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Life Arts

Getting Our Bearings from Jung

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Duluth, Minnesota (OpEdNews) March 15, 2015: On car trips, kids at times ask, "Are we there yet?"

Years ago, C. G. Jung, M.D. (1875-1961), the Swiss psychiatrist and psychological theorist, predicted the emergence of a new age in Western culture, which he styled the Age of Aquarius.

So liberals and progressives today may ask, "Are we there yet?"

After all, in recent years in the U.S., public opinion has shifted dramatically on same-sex marriage, despite the vocal opposition of certain elements in the Christian right..

But does this shift in public opinion signal the emergence of the new age?

Few would say that Western culture has yet emerged into the new age, the Age of Aquarius.

However, this shift in public opinion does show that many Americans are now ready to stop making unconscious projections of evil on to homosexuals. According to Jung, unconscious projections of evil on to homosexuals are projections that people make from the unconscious. But in his view, adults in the second half of life need to work to integrate their shadow contents into ego-consciousness. Evidently, many American adults are doing this with regard to homosexuals.

So when are we going to get there? In my estimate, we will get there when a critical mass of people in Western culture have integrated their shadow contents into ego-consciousness. Let me explain.

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To formulate a sense of what it will take for the new age to emerge in Western culture, we should turn to Jung's thought in the great synthesis of his life-work that was original published in German in two parts in 1954 and 1955: Mysterium Conjunctionis: An Inquiry into the Separation and Synthesis of Psychic Opposites in Alchemy, 2nd ed., translated by R. F. C. Hull (Princeton University Press, 1970).

Jung worked on this book from 1941 to 1954. By 1941, Jung had worked out an elaborate psychological theory. As a results, he is able to construct analogies and parallels between certain psychological processes that he has written about elsewhere and certain aspects of alchemical thought.

As the subtitle of Jung's book indicates, he focuses on psychic opposites in his psychological theory, and he finds numerous parallels and analogies in the opposites discussed by the alchemists -- usually as personified opposites.

Liberals and progressives of a certain age might be interested in what Jung says about the psychological process of individuation. According to Jung, all adults undergo the psychological process of individuation in the second half of life (roughly from the proverbial mid-life crisis onward). However, people can get stuck along the way and not complete the process.

In all honesty, I should say that Jung does not make the individuation process sound easy or like much fun to go through. As I will explain momentarily, he repeatedly uses the alchemical term the nigredo to draw parallels and analogies with the individuation process. According to the index, Jung uses this term on 45 different pages. You see, the nigredo involves melancholia (depression). But you must keep working on the opus. You and your psyche are the opus that you must keep working on. If you ever succeed, you will have succeeded in making psychological gold, so to speak.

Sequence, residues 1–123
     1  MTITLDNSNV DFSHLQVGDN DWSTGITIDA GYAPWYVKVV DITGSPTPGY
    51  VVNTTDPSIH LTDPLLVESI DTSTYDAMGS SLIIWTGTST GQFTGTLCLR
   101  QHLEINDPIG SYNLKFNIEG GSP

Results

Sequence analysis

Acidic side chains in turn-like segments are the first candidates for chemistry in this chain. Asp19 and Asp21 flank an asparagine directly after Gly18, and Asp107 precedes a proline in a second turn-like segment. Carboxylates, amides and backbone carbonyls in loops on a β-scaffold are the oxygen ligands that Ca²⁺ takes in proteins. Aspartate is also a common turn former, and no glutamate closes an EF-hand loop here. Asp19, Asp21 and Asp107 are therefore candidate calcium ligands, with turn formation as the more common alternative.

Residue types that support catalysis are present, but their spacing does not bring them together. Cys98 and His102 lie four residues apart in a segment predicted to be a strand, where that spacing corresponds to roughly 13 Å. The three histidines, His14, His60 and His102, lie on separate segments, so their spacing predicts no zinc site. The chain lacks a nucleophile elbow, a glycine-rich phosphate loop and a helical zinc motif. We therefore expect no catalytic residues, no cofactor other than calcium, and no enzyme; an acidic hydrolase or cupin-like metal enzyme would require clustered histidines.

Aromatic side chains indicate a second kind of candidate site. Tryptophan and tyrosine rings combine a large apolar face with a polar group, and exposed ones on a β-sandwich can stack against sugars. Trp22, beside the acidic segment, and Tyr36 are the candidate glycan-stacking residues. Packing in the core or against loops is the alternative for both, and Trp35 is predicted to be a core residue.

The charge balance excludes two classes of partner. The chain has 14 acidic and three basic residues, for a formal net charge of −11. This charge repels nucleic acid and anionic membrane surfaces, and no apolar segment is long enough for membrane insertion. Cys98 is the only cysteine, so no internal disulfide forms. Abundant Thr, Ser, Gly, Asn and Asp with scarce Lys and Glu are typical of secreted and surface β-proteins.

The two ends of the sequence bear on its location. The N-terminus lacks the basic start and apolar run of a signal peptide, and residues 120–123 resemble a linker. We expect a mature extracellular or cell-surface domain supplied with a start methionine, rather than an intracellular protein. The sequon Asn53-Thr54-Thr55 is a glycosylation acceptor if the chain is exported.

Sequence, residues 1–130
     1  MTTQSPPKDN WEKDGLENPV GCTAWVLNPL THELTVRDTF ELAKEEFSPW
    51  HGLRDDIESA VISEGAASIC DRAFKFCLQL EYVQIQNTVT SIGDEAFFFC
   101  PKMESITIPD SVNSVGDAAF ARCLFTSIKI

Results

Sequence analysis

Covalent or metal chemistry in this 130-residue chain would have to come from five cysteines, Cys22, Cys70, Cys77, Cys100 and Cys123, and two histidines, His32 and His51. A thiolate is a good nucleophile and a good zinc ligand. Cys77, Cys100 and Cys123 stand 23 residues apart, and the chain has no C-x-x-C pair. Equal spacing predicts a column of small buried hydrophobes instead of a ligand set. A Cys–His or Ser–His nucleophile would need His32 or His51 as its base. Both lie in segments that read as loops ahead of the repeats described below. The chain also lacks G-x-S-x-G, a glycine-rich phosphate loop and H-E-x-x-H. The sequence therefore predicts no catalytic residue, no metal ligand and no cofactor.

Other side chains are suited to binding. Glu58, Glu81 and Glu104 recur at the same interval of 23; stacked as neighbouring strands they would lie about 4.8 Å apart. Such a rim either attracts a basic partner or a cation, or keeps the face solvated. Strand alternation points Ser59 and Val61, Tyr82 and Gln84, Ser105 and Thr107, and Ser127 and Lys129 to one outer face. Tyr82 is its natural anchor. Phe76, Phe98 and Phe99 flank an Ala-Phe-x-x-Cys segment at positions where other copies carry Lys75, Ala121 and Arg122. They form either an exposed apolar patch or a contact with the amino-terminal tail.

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All of the alchemists that Jung studied were Christians, and all were men. Granted, they used fanciful terminology and imagery. To be sure, I am not recommending their fanciful terminology and imagery.

However, in plain English, the unio mentalis represents Christian Spirituality 101, just as the nigredo represents the novitiate experience in religious orders in the Roman Catholic Church. Moreover, over the centuries, numerous Christian mystics advanced to and lived the unio mystica (a.k.a. the unio mundus).

So you don't have to wait until the second half of life to undertake the unio mentalis and experience the nigredo. But people in the second half of life should not avoid undertaking the unio mentalis and experiencing the nigredo.

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Thomas James Farrell is professor emeritus of writing studies at the University of Minnesota Duluth (UMD). He started teaching at UMD in Fall 1987, and he retired from UMD at the end of May 2009. He was born in 1944. He holds three degrees from Saint Louis University (SLU): B.A. in English, 1966; M.A.(T) in English 1968; higher education, 1974. On May 16, 1969, the editors of the SLU student newspaper named him Man of the Year, an honor customarily conferred on an administrator or a faculty member, not on a graduate student -- nor on a woman up to that time. He is the proud author of the book (more...)

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